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Apart from incombustible elements, the color of a hydrocarbon flame is primarily dependent on the richness of the flame that is, on how much oxygen there is to combust the fuel. In practice*, when the mixture is slightly lean (has more oxygen than required for complete combustion), the color of the combustion zone is generally blue-violet due to large amounts of high-energy radical carbon and hydrogen compounds. When the mixture is slightly rich (slightly too much fuel and not enough oxygen), the color is sometimes green due to C2 molecules breaking free, and the high-temperature products can glow red from the CO2 and H2O produced during combustion. When the mixture is very fuel rich (a poor flame, with not enough oxygen to burn properly), carbon particles form and an intense yellow radiation results from their being heated in the flame. In very rich flames often you see this in candles soot particles may impart a black color to the outer edge of the yellow flame.
Flame color comes from the energy released by the electrons of the atoms of burning gas as they are raised to higher energy states during combustion, then fall back to lower energy states. Some of this energy is released in the form of visible light. The color corresponds to frequency, which is a function of the amount of energy released. (Work with me on this.) Low energy, low-frequency light is red; medium-frequency, medium-energy light is orange, yellow, or green; and high-energy, high-frequency light is blue or violet. If the energy levels are spread over a wide range of the visible spectrum, the light will appear as white.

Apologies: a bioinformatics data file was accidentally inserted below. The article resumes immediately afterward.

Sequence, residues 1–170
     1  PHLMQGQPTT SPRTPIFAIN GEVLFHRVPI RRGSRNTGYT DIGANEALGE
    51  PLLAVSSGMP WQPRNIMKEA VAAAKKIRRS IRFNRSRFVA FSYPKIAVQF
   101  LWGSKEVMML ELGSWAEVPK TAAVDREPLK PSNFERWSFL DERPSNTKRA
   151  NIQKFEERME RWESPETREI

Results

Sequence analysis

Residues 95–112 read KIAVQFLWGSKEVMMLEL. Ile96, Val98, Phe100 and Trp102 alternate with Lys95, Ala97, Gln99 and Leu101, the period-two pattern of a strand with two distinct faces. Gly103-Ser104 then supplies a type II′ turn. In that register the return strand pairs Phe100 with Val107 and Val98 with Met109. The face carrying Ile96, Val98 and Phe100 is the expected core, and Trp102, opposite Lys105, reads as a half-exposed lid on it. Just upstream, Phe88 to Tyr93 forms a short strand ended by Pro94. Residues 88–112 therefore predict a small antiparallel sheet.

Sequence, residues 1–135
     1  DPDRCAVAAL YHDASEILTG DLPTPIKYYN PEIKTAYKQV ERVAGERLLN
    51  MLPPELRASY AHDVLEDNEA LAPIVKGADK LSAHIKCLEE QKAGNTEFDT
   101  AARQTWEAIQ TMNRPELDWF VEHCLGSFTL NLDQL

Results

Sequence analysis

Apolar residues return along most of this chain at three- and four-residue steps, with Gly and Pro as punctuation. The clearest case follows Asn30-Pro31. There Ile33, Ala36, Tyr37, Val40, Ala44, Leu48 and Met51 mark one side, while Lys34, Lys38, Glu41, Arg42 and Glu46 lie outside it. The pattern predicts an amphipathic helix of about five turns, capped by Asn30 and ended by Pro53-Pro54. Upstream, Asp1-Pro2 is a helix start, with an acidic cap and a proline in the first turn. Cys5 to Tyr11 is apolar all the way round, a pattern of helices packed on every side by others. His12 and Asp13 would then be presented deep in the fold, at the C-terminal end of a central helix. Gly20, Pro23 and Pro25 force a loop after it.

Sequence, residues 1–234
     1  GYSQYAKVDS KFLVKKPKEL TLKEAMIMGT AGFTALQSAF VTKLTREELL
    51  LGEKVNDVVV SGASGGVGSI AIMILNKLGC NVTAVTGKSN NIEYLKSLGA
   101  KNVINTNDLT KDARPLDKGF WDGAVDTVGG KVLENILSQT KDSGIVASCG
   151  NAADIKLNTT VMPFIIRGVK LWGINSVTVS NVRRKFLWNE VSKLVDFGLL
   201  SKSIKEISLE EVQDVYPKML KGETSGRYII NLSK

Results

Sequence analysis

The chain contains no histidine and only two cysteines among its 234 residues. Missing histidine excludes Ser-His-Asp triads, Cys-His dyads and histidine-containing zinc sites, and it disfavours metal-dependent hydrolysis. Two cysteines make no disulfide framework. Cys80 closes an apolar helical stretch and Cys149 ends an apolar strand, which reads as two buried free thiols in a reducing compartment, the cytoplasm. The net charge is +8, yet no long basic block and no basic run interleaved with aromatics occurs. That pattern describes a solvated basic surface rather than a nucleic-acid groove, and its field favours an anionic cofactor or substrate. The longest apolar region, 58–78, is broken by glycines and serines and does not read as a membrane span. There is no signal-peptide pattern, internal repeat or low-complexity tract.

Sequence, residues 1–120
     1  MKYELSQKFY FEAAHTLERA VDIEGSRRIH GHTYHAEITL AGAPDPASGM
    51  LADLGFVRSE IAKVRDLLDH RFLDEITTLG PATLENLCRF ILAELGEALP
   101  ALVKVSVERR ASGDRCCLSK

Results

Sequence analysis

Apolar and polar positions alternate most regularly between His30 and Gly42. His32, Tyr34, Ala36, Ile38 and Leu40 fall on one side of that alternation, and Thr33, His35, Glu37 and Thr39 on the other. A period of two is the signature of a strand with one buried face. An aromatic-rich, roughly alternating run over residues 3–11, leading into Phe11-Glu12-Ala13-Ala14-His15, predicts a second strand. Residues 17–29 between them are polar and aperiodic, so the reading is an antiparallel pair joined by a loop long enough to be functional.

* Many thermodynamics and chemistry texts state that adiabatic flame temperature is highest when the flame is at perfect stoichiometry (exactly enough air to burn the fuel). Since mixing and other practical effects require extra air to ensure combustion, the hottest flames in practice tend to be slightly lean (slightly more oxygen than needed).
Chemical Flame Colors
If you want to purposely color your fire then dissolve one of these chemicals in water, soak a log in it, and let it dry.
Orange ---------Calcium Chloride (a bleaching powder)
Yellow ----------Sodium Chloride (table salt)
Yellow-Green---Borax (a laundry powder)
Green-----------Copper Sulfate (for swimming pools)
Purple-----------Potassium Chloride (fertilizer)
White------------Magnesium Sulfate (Epsom salts)
Use only one chemical per log (mixing will not produce multiple colors")
however, you may put more than one type of colorized log in the fire at once.
Instead of big logs, you can use pinecones or sawdust.
CAUTION!! Some of these chemicals are not very pleasant to get all over yourself, your clothes, the living room, or the dog. Use proper precautions (goggles etc.)